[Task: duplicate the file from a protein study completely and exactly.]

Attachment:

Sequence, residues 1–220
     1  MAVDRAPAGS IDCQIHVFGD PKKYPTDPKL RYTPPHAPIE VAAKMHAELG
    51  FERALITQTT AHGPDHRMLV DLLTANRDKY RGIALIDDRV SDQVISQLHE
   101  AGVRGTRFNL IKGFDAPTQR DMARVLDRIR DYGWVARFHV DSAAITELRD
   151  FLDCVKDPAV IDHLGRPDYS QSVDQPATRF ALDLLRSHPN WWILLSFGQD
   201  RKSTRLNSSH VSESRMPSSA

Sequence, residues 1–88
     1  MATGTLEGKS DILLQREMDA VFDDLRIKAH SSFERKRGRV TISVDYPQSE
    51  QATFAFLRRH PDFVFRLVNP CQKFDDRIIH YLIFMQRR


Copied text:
Sequence, residues 1–220
     1  MAVDRAPAGS IDCQIHVFGD PKKYPTDPKL RYTPPHAPIE VAAKMHAELG
    51  FERALITQTT AHGPDHRMLV DLLTANRDKY RGIALIDDRV SDQVISQLHE
   101  AGVRGTRFNL IKGFDAPTQR DMARVLDRIR DYGWVARFHV DSAAITELRD
   151  FLDCVKDPAV IDHLGRPDYS QSVDQPATRF ALDLLRSHPN WWILLSFGQD
   201  RKSTRLNSSH VSESRMPSSA

Sequence, residues 1–88
     1  MATGTLEGKS DILLQREMDA VFDDLRIKAH SSFERKRGRV TISVDYPQSE
    51  QATFAFLRRH PDFVFRLVNP CQKFDDRIIH YLIFMQRR